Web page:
Maybe the few who never played Half-Life 1 will be more forgiving of its status as a legacy project, but assomeone who watched the FPS genre evolve beyond the more contrived elements, it’s frustrating to see these old contrivances reemerge and keep Black Mesa from its true potential. This is one rare instance where straying from the formula would have been welcomed.




Giant Bomb’s interview with Tom Francis reminded me that I still needed to get around to playing his indie puzzle platformer. Boy howdy, I should have gotten to this one sooner. Francis spins a fantastic tale that only gets better in the remembering. Reflecting on the part where I was hired to investigate myself, I can’t stop the slow grin from spreading across my face. The events are amusing enough, and the dialogue is an absolute delight, but it’s the gameplay that really stands out.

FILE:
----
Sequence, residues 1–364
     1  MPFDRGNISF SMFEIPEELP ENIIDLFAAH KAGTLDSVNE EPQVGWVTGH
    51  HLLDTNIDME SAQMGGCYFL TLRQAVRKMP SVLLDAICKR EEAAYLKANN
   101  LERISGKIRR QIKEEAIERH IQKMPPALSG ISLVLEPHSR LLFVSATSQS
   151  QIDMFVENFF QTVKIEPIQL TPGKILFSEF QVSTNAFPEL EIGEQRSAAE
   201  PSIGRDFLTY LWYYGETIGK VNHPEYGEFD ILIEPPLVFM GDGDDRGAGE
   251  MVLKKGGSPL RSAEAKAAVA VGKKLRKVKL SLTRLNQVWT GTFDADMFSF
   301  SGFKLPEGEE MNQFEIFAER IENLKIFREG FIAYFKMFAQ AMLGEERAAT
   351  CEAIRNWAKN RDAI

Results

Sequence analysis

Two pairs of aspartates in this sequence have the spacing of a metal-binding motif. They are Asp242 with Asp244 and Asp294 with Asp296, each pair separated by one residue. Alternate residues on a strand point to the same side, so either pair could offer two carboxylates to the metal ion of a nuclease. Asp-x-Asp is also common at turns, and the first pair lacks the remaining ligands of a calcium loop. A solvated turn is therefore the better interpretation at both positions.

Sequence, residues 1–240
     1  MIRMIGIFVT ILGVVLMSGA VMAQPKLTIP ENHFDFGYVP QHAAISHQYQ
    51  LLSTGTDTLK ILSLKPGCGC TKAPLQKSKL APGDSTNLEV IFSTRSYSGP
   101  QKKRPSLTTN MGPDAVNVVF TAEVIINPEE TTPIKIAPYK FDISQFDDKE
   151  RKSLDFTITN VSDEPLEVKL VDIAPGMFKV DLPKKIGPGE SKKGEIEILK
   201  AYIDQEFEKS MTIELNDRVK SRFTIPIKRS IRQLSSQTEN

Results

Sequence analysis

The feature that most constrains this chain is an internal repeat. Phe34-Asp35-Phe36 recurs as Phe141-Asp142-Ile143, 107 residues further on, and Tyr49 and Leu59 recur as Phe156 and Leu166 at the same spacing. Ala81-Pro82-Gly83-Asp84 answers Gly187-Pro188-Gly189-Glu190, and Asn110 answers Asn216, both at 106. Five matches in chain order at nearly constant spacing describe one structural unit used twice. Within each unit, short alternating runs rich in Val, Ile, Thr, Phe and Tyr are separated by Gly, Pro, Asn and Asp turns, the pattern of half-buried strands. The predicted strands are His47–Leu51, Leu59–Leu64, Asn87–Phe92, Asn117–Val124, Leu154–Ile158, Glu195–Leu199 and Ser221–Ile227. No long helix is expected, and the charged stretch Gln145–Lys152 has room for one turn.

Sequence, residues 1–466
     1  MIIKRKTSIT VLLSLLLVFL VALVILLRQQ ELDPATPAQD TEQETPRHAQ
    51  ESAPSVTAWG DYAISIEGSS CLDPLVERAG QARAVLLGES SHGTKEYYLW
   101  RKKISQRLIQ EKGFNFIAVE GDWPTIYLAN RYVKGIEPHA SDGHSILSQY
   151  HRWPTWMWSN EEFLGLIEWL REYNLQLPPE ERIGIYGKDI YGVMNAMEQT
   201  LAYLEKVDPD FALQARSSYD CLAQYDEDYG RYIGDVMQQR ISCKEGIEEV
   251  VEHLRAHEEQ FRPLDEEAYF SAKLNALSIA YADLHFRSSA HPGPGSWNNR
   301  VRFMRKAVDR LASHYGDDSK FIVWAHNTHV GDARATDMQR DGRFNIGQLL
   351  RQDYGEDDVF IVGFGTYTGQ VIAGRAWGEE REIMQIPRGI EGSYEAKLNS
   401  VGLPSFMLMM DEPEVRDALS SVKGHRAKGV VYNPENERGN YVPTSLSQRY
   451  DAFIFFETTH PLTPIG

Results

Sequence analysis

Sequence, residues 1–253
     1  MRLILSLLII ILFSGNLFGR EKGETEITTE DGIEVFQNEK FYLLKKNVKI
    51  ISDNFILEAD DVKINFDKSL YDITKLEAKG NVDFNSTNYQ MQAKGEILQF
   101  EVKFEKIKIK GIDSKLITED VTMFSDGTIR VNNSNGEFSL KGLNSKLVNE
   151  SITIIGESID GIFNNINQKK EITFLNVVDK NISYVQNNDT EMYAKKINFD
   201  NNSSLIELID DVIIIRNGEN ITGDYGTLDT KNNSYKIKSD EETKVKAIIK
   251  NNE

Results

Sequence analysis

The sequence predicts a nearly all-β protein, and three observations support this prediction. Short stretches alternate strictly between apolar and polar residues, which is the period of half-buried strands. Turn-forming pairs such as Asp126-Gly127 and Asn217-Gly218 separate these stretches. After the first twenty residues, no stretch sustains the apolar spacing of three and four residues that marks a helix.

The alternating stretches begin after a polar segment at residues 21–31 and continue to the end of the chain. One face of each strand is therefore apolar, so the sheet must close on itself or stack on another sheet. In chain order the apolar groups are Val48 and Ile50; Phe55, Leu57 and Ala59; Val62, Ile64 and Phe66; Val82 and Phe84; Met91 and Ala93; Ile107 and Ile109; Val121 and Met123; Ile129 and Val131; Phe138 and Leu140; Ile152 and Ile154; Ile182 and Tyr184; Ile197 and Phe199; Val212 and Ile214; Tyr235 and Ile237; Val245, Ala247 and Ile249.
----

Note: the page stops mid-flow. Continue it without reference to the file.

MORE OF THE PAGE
The simple hacking mechanics combine with tight, acrobatic platforming to make a genuinely delightful experience. Rewiring systems to progress through the level is interesting, at times challenging, but never frustrating. Connecting a lightswitch to a door to an elevator to activate a sound detector to cause a guard’s gun to fire… it isn’t necessarily that elaborate, but it sure is fun when it is. A little short, but I’d rather love every second of a game than think it was wasting my time.



The One True Game is out, and it’s just as glorious as I’d hoped. Ben’s got a full review coming, but in a more informal context let me just say WOOOOOO!